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The Guerrilla Gardeners

Published Aug 29, 2014

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Dimitri Selibas

Guerrilla gardeners in the heart of Cape Town are fighting a war of survival. One of these groups, registered NPO Tyisa Nabanye, which has been growing vegetables on a piece of abandoned military land for a year, is in danger of losing this land and hence their means of sustenance.

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The term Guerrilla Gardener is given to someone who gardens on land which they do not have legal rights to use.

Tyisa Nabanye’s occupied land, in Tamboerskloof, was once used by the army, and is now referred to as Erf 81. The land is owned by the South African National Defence Force (SANDF) and administered by the Department of Public Works.

At the moment, neither department has a clear plan for the property and as a result they have not granted Tyisa Nabanye official tenure, although tacitly the department acknowledges their presence.

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Tyisa Nabanye means “feed the others” in Xhosa. Speaking to a member of Tyisa Nabanye, Mzukisi Zele, known by all as Mzu, he says: “It is not just about food but to go further by feeding people with knowledge, skills and to raise awareness about issues of sustainability, nutrition and healthy living.”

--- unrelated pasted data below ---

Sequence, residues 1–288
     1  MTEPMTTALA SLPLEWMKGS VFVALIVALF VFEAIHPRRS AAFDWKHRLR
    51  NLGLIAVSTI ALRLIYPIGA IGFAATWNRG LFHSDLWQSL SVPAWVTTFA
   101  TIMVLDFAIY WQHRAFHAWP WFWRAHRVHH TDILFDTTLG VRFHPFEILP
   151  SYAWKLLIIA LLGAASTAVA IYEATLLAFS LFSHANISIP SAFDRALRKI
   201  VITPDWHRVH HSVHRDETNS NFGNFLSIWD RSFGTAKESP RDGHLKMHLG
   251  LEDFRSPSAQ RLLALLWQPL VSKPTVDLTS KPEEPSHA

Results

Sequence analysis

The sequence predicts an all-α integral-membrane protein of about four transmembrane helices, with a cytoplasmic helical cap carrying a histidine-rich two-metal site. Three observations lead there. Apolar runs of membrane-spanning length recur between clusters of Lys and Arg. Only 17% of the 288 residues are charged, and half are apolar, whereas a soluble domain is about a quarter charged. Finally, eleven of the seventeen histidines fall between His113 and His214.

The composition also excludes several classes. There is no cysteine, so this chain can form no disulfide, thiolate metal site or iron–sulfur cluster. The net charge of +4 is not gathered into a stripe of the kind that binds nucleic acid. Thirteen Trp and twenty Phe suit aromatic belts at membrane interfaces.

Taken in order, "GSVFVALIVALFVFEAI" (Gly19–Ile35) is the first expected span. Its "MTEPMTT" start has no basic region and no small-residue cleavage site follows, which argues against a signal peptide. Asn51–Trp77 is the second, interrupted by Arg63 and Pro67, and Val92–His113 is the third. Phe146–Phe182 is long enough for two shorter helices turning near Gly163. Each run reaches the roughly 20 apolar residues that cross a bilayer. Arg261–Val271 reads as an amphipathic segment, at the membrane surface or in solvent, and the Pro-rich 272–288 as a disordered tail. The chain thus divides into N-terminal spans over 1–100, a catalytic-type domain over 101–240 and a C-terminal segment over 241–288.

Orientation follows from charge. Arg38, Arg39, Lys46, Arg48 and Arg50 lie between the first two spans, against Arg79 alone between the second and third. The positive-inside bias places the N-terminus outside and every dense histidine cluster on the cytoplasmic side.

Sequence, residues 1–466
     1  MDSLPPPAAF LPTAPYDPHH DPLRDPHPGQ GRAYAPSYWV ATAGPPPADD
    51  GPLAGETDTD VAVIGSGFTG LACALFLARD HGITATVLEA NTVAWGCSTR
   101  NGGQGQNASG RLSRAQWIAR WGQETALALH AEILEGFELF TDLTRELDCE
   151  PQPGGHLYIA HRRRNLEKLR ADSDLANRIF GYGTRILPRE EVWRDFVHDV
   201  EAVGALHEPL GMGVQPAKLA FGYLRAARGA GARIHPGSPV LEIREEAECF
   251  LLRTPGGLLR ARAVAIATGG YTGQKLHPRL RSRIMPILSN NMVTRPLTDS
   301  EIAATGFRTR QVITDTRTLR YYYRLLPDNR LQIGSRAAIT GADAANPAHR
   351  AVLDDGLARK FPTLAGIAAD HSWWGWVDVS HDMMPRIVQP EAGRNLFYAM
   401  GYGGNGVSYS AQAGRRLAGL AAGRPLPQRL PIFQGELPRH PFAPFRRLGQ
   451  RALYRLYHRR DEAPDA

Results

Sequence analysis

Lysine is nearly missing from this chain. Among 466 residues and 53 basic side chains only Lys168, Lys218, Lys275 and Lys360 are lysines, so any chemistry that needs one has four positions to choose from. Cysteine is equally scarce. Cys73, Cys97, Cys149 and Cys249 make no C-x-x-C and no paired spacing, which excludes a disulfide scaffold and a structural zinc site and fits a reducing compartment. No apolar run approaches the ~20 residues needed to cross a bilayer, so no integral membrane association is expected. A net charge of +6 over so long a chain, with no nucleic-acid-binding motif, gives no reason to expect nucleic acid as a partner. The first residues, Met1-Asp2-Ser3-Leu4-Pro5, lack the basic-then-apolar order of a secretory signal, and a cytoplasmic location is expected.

The organisation was formed in August last year by Mzu, Lumko Ningi and a group of four friends. Since then it has grown enough food to support six members, sell any surplus to surrounding neighbours at its monthly market, has hosted a Cape Town Partnership workshop on Youth and Urban Agricultures and a 1 000 Drawings doodle session partnered with Slow Food Youth Network South Africa.

The Erf 81 property is on the extremely rare Renosterveld habitat of the Cape Floral Kingdom.

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This habitat is characterised by clay-rich fertile soils which boasts the highest concentrations of biodiversity in the world and is home to many of South Africa’s indigenous medical plants.

There are already moves by Tyisa Nabanye to start growing more medicinal plants.

But with no legal tenure, the organisation’s fixed position is unsure. The greatest transferable assets that the organisation has are the skills and knowledge of its people.

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Lumko Ningi, now 37, has a story that is not uncommon in Cape Town. In 1995 he finished school in Mdanstane, just outside East London and one of the oldest townships in South Africa.

He left his family and home in the Eastern Cape and came to look for work in Cape Town.

In 1996 he started working at a canning factory to raise money to study further. The next few years were spent working and saving and in 2000 he enrolled to study food technology at the Cape Peninsula University of Technology.

Lumko did not have sufficient funding to complete his diploma but he had creative finesse that led to him receiving a two-year graphic design learnership from the now defunct Arts and Media Access Centre.

Between 2003 and 2010 Lumko completed his two-year learnership and began working in the advertising industry. During this time he was staying in Marcus Garvey, a Rasta community in the Philippi township in Cape Town.